Is there anything special you would like to tell our readers?

© Noshy Rodriguez & Rigoberto Chauvin
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Almost 50 years later, a phrase that was born in France one spring, remains valid. We would like to invite everyone who can, to embrace this phrase and share the dream for the future: ‘Let us be realistic, let us demand the impossible!’


A big thank you to Noshy and Rigoberto for sharing their inspiring life stories with us!

© 2016 Noshy Rodriguez – translated into English by


13 thoughts on “Life Stories #1: Noshy & Rigo | Ecuador

  1. We are humbled by your generosity, dear Tamarita. Oftentimes we insist on saying that we do a selfish work, as the feeling of fulfillment we obtain on seeing a young live thrive gives us a powerful boost to continue on, sharing the path with young boys and girls that seek to overcome inequity.

    1. Thank you for your comment, dear Noshy. I wouldn’t call that selfish – but the circle of giving 🙂 Lots of love to you and Rigo, Tamara xx

  2. I know who they are! I am lucky they are my aunt and uncle. I have seen them worked so hard through all their life. Once, when I was a clild (I am in my 30s), my aunt fell sleep on the stairs when she arrived home because they were working a lot, and at that time days hadn’t enough hours for them. I can say they always put their lifes on its cause. I feel happy for all the children they cultivate their hearts with love and tenderness.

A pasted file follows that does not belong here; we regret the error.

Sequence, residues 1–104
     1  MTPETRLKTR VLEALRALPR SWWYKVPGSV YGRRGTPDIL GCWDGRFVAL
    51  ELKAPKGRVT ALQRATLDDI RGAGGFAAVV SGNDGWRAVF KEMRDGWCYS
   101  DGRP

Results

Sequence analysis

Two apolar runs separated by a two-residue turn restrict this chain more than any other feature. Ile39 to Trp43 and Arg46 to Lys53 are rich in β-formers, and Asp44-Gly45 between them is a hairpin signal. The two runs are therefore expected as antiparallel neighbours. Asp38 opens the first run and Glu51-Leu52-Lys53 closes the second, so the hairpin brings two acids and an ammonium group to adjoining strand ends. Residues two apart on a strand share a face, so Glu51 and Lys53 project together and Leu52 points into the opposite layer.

1. Dear Gabriela. Thank you so much for your message. They really both are absolutely wonderful people. Best wishes, Tamara

  3. Excelente! mis sinceras felicitaciones ante tan ardua labor, que continúen recogiendo frutos de lo sembrado.. abrazos. desde Quito Ecuador

    1. Querida Soraya. Muchísimas gracias por su mensaje y buenos deseos. Muchos saludos desde Suiza a Quito, Tamara

  4. This is great, Tamara! I love your idea of sharing the “good news” of inspiring stories. My kids were just talking about this the other day- that we really need to give more publicity to the good things people are doing. I’ll send them the link to your website!

    1. Dear Amy, thanks so much for your comment and positive feedback. Yes, please share the link with your kids – that would be great. Thank you! Best wishes, Tamara xx